When your body needs to metamorphosize(change), battle infection, or restore balance, some of your cells may go through a process called apoptosis (programmed cell death).

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Your red blood cells do important work for your body. And they do it well because they’re missing one thing: nuclei.

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When you cut your finger, a complex, three-level system kicks in to make sure you stay healthy and ward off invaders.

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Your cells may be tiny, but they can do some pretty complex tasks to keep you alive. That’s because your cells, like the cells of every living organism, have specialized proteins constantly hard at work.

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Scientists can’t bring people back from the dead just yet. However, they have discovered that some parts of your cells remain active long after you die.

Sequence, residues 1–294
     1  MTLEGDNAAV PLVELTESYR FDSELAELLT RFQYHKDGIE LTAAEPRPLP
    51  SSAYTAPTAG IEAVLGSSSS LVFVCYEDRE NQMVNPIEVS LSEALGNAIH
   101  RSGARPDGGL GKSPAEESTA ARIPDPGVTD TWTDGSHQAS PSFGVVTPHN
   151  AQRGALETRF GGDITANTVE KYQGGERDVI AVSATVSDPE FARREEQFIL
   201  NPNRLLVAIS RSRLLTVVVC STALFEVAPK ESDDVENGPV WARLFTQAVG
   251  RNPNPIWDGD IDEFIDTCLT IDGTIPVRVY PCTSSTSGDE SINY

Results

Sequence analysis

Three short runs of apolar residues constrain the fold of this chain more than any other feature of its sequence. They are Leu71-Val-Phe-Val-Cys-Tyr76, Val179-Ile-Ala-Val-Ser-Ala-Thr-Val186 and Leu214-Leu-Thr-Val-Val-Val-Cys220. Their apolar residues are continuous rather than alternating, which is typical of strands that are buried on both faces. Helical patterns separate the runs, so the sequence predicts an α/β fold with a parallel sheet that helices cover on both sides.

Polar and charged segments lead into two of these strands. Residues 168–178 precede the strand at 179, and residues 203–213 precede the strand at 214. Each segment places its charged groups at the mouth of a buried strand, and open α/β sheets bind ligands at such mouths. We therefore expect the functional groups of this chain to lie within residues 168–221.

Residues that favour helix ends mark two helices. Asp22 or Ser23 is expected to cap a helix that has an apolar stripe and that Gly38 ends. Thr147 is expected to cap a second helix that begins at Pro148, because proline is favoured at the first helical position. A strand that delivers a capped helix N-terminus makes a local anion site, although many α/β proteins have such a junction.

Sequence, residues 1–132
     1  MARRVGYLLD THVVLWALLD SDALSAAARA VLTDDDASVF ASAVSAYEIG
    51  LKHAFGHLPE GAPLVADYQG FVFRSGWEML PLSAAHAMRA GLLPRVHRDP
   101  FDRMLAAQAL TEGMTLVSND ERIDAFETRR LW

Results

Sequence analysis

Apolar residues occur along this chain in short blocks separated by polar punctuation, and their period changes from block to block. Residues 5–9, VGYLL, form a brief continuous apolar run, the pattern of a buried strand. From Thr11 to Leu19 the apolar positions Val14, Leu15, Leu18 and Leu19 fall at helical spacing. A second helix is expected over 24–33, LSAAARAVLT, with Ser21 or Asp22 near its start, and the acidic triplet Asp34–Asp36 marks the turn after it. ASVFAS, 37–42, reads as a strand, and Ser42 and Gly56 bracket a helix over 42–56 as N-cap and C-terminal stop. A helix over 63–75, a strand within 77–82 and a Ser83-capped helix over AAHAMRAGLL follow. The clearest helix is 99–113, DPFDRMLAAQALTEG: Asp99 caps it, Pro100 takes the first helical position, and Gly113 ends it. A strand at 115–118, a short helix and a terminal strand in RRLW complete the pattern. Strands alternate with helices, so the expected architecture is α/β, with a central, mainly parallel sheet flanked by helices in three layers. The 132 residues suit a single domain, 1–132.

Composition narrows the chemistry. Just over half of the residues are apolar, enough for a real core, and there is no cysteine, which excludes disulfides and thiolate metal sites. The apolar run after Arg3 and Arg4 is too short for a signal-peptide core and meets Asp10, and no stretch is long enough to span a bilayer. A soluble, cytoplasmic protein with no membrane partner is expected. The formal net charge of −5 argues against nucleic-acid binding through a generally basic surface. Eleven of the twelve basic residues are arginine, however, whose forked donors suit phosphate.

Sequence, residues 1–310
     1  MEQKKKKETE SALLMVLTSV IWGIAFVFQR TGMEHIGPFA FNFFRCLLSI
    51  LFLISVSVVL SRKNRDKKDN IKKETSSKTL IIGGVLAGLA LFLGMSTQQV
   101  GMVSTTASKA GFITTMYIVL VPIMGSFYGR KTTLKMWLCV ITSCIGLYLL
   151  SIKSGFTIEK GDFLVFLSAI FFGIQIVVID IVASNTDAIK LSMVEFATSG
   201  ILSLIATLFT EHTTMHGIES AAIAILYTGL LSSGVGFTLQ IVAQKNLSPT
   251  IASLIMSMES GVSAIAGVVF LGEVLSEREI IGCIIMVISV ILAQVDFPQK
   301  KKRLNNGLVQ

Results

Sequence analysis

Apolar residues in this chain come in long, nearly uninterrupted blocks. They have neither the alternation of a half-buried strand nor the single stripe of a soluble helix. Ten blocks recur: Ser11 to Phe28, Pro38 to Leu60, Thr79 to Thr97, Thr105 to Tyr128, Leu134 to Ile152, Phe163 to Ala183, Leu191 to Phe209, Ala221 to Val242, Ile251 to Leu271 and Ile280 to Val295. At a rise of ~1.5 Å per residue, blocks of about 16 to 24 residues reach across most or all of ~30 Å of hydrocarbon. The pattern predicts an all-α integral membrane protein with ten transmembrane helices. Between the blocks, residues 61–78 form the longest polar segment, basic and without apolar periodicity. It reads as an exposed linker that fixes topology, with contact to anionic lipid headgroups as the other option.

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The elephant is a creature of epic proportions — and yet, it owes its enormity to more than 1,000 trillion microscopic cells. Why don’t we get unicellular elephants? Or blue whales? Murry Gans explains. (4:06 min.)

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I am a 2nd year MSc. student in physics, at Simon Fraser University. I study molecular motors.

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A stunning animation, showing the variety of cell types that exist within and around us. Travel through a virtual world and learn about the different stages of the cell cycle. (5:34 min.)

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There are all kinds of reasons why students like you might not get enough sleep. But did you know that getting a good night’s rest is important for memory, learning, and health.

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Like bacteria, cancer cells can develop resistance to drugs. Any cancer cells are left alive after chemotherapy could multiply and form a drug-resistant tumour.

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